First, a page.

LOS ANGELES --
"You thought it would be the other way around, right?" Carroll said, referencing the commonly held belief Sanchez would return and Mays would go pro. "Well, Taylor was emotionally connected to the school differently than Mark was. He was much more comfortable here and wanted to stay here where Mark was compelled to leave. He was emotionally different than Mark. Taylor is a lot like
Walking around the sun-soaked campus with Mays as thousands of students prepare to squeeze into their new cramped quarters on move-in day, it's easy to see why. You wouldn't ask someone why he or she decided to spend an extra week in Hawaii, and this is Mays' own paradise.
There's a certain care-free simplicity to being "the big man on campus" that a million-dollar NFL contract can't buy. Mays found that out by consulting former USC players like
"I didn't really come back to walk through campus and have all the girls," Mays said with a smile. "I mean, that's cool, but I came for football."
Yes, the girls are cool, as Mays showed when he
"He's got hits for the Song Girls, he's got hits for the Spirit Leaders, he's got hits for his mom, his girlfriend, he's crazy," said senior safety
As much as Mays likes to play for the Song Girls and Spirit Leaders, he admits he's as singularly focused off the field as on. He is currently dating
Mays' demeanor when talking with friends and teammates belies the 6-foot-3, 235 pound wrecking ball that college football fans have become accustomed to seeing on Saturdays. His bone-jarring hits and knack for getting involved in every play no matter where he lines up has drawn comparisons to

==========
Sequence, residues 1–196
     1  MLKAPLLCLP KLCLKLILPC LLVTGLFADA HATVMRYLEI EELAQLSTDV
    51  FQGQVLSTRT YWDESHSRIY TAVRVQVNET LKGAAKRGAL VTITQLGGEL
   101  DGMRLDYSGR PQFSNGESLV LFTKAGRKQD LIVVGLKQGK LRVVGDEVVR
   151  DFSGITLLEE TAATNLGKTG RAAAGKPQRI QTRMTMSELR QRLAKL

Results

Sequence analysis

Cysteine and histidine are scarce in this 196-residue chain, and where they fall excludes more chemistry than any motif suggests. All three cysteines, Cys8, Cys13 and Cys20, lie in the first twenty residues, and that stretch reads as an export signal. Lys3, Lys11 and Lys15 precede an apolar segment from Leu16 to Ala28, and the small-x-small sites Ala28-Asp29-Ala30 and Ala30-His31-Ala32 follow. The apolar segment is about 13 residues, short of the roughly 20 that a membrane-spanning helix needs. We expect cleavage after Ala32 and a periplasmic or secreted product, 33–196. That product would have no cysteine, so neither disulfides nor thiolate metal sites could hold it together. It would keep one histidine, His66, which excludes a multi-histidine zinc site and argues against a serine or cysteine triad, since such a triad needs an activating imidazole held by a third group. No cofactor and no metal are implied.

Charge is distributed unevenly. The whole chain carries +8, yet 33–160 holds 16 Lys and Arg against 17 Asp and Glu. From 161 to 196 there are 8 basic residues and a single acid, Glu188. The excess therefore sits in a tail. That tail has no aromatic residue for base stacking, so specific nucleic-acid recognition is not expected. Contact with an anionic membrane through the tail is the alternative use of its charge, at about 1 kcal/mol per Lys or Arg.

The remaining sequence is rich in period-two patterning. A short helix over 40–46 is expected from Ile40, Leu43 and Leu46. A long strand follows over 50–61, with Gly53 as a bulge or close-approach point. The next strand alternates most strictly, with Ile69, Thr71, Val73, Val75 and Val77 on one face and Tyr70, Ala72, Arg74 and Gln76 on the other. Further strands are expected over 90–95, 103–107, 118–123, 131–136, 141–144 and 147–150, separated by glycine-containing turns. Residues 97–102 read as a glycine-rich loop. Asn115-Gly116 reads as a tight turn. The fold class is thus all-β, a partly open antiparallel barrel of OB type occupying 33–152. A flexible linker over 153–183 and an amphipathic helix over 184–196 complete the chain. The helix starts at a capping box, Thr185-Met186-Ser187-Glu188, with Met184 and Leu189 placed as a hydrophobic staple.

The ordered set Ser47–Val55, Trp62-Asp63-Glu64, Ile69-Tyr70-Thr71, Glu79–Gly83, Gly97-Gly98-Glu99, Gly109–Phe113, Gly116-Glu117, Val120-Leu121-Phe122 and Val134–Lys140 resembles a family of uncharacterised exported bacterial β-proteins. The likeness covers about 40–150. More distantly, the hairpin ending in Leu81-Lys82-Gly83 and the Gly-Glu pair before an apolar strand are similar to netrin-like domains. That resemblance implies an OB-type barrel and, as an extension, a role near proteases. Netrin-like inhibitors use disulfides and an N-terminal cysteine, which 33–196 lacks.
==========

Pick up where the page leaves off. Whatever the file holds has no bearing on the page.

The thing is, there really is no comparison. No one with Mays' size should run and move as fast as he does. Everyone on the Trojans, including speedy tailback
Turns out comparing Mays to a cat is appropriate, because some of his teammates swear they hear one when they talk to him. "His favorite word is 'meow'," said Harris. "He meows at everyone. It's funny because he'll do it anywhere, at anytime. You'll be talking and all of a sudden -- meow." During tense situations, Mays will whisper a meow in his teammates' ears. "I just like to give them a little meow," said Mays, who didn't get his catch phrase from the movie
Just like his decision to stay, instead of cashing in as a top 10 draft pick. "I had always said I was going to leave, that I was going to be a three-and-out guy, and then halfway through last season I began to think that I should stay," said Mays. "I know that a lot of people were surprised because I had the attitude that I wanted to leave. It was tough, but it's going to come soon enough." Some players receive pressure to turn pro early so they can support their families, but Taylor's father,
Not everyone was so supportive. Mays' good friend and former roommate
Cushing may have the Porsche, but Mays wants something money can't buy. He wants to earn an invitation to New York for the Heisman Trophy presentation, and he wants to win a national title.
"This is my last chance," Mays said. "I feel like I'm on a stage and this is my last chance to leave a lasting impression. I want to leave a final stamp on my career that everyone will remember."